All right, slackers, have you all been doing your sketching homework? I hope so. You don’t want me to send you to the dungeon for punishment, do you? (Or maybe you do, you perverts.) The key to improving at any activity is to keep doing it. Amateurs practice until they get it right; professionals practice until they can’t get it wrong. This is why Torch keeps us all chained to our company ZX81s in our cubicles here at Autopian Towers.
Saying that, when I got Daniel Simon to sign my Art of Tron: Legacy book he royally fucked up the light cycle sketch he was doodling for me inside, although, like a true pro, he saved it in the end.
Back when I was a kid I was always drawing cars, and because of my eye for detail I was pretty good at it. Sadly this creativity was never encouraged for a variety of reasons so I fell out of the habit for years until I started studying in my mid-30s. The point is, it’s never too late to pick back up something you used to enjoy or to learn something new, wherever you are in life. Don’t get discouraged if your efforts from our previous tutorial were lacking. I guarantee you if I saw them they’re not as bad as you think—we’re always our own worst critics. As Mama Ru says, don’t listen to the inner saboteur. Another important thing to remember if you’ve skipped ahead a few lessons and started looking at professional sketches online is that you’re not seeing the fuck-ups—you’re only seeing the finished article the poster wants to show, so don’t compare your work to theirs.
In our first lesson, we looked at how to sketch out a very basic side view of a two-door FWD coupe. What we’re going to do today is expand on that, by punching up the sketch with some extra details, and add in some basic shadows and highlights. Details help bring the sketch to life, and shadows and highlights help describe the shape of the car.
You might hear them called “tone” or “value,” but what we’re really talking about is using shading to show what the metal and glass are doing. Does it face upwards or downwards, or neither? Again, for this lesson, I’m keeping it dead simple. No need for markers yet or fancy paper yet. I’ll get into that next time.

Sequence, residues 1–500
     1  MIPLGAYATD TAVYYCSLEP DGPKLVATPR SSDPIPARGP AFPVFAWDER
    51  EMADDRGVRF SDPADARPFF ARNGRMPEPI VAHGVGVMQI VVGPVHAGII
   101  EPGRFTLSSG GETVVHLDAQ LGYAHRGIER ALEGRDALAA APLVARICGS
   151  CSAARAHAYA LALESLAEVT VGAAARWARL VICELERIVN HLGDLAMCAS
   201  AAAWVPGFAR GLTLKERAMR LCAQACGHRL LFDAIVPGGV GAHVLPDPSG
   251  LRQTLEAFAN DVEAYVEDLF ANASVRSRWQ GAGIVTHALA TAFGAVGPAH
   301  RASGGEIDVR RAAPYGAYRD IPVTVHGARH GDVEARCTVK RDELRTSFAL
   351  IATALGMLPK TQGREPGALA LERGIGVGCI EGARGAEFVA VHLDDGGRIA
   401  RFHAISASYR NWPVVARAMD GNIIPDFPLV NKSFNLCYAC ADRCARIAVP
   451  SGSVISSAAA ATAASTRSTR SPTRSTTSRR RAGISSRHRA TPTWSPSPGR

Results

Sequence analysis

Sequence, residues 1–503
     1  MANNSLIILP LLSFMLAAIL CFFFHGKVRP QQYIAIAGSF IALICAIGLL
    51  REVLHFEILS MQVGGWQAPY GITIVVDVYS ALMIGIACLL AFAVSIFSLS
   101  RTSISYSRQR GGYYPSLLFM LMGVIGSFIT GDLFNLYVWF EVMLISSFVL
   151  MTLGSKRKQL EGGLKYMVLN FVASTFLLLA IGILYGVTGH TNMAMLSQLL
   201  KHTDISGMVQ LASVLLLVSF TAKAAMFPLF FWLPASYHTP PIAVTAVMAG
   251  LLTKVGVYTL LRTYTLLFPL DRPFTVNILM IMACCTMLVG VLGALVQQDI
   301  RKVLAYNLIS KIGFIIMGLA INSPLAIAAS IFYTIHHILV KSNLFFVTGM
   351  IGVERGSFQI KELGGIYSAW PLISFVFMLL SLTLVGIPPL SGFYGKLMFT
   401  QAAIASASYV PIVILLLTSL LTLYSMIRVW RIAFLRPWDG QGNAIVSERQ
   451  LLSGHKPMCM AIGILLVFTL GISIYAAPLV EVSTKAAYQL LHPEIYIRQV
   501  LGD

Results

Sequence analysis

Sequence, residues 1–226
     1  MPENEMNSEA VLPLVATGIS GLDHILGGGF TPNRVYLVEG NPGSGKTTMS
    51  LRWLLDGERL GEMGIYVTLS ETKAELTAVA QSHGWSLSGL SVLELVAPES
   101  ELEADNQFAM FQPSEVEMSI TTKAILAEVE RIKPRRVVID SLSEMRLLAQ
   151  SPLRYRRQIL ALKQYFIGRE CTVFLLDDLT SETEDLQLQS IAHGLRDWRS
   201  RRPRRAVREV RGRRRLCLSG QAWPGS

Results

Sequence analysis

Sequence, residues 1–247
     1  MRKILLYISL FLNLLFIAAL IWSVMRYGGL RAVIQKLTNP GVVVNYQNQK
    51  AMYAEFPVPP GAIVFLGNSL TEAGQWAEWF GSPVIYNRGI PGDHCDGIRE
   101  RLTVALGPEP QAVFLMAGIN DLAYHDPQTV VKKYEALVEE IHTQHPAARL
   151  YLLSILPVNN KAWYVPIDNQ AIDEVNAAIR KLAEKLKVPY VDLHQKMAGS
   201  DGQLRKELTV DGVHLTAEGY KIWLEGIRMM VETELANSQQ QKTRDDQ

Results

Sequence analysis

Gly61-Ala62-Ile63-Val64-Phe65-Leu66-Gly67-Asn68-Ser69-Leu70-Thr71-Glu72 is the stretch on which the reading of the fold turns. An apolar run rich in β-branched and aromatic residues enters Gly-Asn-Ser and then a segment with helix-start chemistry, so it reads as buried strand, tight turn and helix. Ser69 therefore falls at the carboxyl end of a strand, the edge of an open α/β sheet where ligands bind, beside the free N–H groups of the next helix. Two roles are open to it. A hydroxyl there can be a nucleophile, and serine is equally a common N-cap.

So grab the best one you’ve done so far, and the first thing we’re going to do is blow it up a bit bigger. You want your side view to take up most of your sheet of paper. If it already does, fantastic. If not, don’t worry. You don’t need Photoshop. Simply scan it, crop the scan and right click to print using the Windows ‘Print Pictures’ dialog box (don’t double click and open it in Photos as it won’t give you the full-page option when you go to print. I have given a name to my pain, and it is Windows) or whatever the equivalent is on your OS.
We’re going to use this as an underlay. Place a clean sheet of paper over your existing sketch (or printout) and you should just be able to see the original underneath. Use this as a guide, effectively tracing over your first sketch. But remember, keep it loose and expressive with a light touch of pen on paper until you get it right, like last time.
You should find that because you’re effectively going over the same thing again and you have a guide, the new sketch is much tighter and cleaner. Don’t go over any of your new lines just yet, just get down the basic outline very lightly.
There are a couple of things to keep in mind. Because we’re now working at a bigger scale, you are going to need to start rotating your paper as you work your way around the profile of the car. Where the outline changes direction sharply from trunk to bumper say, or from hood to the front bumper, turn your sketch to meet the natural arc of your arm, rather than contort yourself into working at an unnatural angle. If you need a line to curve away from you, turn your paper all the way around so you are always drawing your lines from the inside. Remember, your elbow is the pivot from which your hand moves, so turn the paper, not your body. Forcing your arm to make unnatural movements means you won’t get a nice sweeping line.
You can use this as an opportunity to correct any mistakes on your original sketch. As you fill out your sketch, when you get to the wheels leave off the bottom part of the spoke that’s touching the ground. This will ‘plant’ your car on the ground plane.
Now we are going to add some detail as before, but because the sketch is a bit bigger we can take it a bit further. Start off by adding a hint of interior and the passenger side window inside the Day Light Opening. Really, all you’re going to show is the top of the seat and maybe a little bit of the steering wheel, like this. Don’t forget the front and rear windshields like before.
When it comes to working out how light reflects from the body, there are lots of convoluted methods you’ll find in textbooks and other tutorials online that will drive you absolutely crazy, like drawing an imaginary lamp on your sketch and then trying to work out how the rays bounce off in all directions. All you need to understand, for now, is if a surface is facing up it’s lighter, and if it’s facing down it’s darker. Imagine the bodyside of a car is shaped like an unpainted soda can lying on its side. The lower half is reflecting the ground, the upper half is reflecting the sky. Again I’ll expand on this in later tutorials, but I want you to grasp this basic rule first.